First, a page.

I think I was wanting to redeem her, be the artist she had failed to be. It hit me a few days ago that she was Henry James’s “failed artist,” the perfect character for a novel. The book is all true, but it has the story of Grace, mostly in her own words in the diary. In those years she was happy, loved her babies, was an important member of the Nanking missionary society, played organ and piano, led children in Christmas music, went on little jaunts with Harvey, as well as hunting and chasing wild pigs on horseback. So Grace is out there now, and people are buying it, more than I expected, and its being out there comforts me.
Here’s the key info: Grace Woodbridge Roys suffered from bi-polar disease before it was well understood. Her daughter feared that her children would also suffer mental illness. This annotation of Grace’s diary opens the early 1900s missionary world in China and the personality of Grace to the reader. In December 1910 Grace married Harvey Curtis Roys, who was teaching physics at Kiang Nan government school in Nanking, under the sponsorship of the YMCA. Grace had had a mental breakdown weeks earlier when her missionary father forbade the marriage.
The diary records their early married life, the births of their first two children, their social life with other missionaries in China, many of whom made major contributions to Nanking life and education: medical doctors and nurses; theology professors; agricultural innovators; founders of universities, hospitals, nursing schools, and schools for young Chinese women and men. Included is their experience evacuating during the Sun Yat-sen Revolution of 1911. Well-known missionaries of that time came to tea and taught at the Hillcrest School the mothers began for foreign children. The Nanyang Exposition took place in 1910, too, as China was in the throes of entering the modern era, with trains, electricity, telegraph, and a new interest in democracy.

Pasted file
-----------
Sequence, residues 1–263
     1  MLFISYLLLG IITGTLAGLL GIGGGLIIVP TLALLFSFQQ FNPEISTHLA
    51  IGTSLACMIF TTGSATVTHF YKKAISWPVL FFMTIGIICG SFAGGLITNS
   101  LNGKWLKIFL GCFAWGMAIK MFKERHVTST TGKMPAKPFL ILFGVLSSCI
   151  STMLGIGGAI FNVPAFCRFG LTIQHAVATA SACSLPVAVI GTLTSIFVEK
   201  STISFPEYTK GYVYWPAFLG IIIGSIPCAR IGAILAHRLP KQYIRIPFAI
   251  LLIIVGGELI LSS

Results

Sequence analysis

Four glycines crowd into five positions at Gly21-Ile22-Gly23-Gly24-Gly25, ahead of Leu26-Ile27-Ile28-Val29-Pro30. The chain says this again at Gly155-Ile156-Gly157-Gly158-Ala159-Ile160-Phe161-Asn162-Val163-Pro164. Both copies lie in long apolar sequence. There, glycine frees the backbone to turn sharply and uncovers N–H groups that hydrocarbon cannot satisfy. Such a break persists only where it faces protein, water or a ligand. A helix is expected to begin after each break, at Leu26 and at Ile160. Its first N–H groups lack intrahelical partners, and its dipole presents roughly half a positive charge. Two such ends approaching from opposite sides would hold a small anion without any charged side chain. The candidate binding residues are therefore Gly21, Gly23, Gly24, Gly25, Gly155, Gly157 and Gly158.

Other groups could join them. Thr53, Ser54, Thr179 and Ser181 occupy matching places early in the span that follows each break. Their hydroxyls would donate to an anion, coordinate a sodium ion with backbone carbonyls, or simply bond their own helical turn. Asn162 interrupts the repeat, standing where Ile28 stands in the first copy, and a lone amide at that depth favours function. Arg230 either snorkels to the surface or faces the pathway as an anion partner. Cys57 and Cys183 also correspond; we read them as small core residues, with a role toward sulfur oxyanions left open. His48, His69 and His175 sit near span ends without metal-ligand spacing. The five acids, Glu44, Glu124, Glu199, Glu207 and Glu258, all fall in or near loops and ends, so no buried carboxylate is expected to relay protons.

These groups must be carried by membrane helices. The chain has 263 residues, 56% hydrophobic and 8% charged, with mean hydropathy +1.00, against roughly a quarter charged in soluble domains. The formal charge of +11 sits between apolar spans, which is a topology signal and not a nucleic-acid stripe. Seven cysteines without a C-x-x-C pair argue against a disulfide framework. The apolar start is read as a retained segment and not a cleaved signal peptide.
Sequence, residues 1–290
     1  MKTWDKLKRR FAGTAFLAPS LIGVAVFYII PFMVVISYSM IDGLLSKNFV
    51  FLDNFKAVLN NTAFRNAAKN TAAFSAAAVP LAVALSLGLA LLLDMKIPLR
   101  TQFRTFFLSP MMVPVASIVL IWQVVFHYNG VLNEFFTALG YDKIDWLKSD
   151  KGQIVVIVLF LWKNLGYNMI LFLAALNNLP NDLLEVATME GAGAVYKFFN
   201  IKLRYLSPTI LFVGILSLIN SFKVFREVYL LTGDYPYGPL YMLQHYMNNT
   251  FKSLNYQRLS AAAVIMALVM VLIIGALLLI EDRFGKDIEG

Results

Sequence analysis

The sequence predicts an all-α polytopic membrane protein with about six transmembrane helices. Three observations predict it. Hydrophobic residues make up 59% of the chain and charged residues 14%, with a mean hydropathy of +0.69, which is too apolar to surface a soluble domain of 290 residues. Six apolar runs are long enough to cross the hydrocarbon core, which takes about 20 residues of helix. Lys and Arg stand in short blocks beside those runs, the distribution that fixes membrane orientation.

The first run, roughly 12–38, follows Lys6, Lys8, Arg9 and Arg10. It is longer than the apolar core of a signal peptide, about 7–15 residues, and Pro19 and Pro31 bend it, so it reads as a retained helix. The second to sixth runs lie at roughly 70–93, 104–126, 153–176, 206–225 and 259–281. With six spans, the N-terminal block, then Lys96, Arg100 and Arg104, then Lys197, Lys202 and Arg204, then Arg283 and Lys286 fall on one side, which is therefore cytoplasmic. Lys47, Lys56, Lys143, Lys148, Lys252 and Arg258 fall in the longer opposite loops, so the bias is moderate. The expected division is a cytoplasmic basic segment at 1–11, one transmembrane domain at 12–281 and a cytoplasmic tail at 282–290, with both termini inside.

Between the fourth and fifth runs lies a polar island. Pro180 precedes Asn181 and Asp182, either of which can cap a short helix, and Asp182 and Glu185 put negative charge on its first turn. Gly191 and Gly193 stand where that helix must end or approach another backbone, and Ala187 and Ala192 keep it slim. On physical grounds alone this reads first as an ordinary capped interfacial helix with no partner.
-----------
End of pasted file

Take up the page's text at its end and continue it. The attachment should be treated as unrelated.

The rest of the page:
Comments from Experts: “This thoroughly annotated five-year diary, including contemporary accounts of the retreat colony Kuling and schools in Nanking, provides rich and illuminating primary documentation toward understanding the daily personal, family, social and professional lives of American educators and missionaries in early 20th century China, the native culture in which they devoted themselves, and their influence on subsequent generations. A graceful window on the lives of Westerners and Chinese alike.” J. Samuel Hammond, Duke University.
“Grace, a rich portrait of missionary life in early 20th century China, is told through diary entries, photos, narratives, and an epilogue by Judy Hogan, editor and annotator of her grandmother’s diary. Most poignant for me, as a former missionary child, is Hogan’s appreciation of Grace’s difficult transition from the China where she spent her first 32 years to the United States where her mental illness took flight.”–Nancy Henderson-James, author of Home Abroad: An American Girl in Africa
Grace: A China Diary, 1910-16, edited and annotated by Judy Hogan. Authors: Grace and Harvey Roys. Wipf and Stock, Eugene, Oregon. ISBN: 978-1-5326-0939-8. Paperback: $26; Kindle, $9.99. Independent bookstores may order from Ingram or www.wipfandstock.com. For signed books, send order ($30 including tax and postage) to Judy Hogan, PO Box 253, Moncure, NC 27559.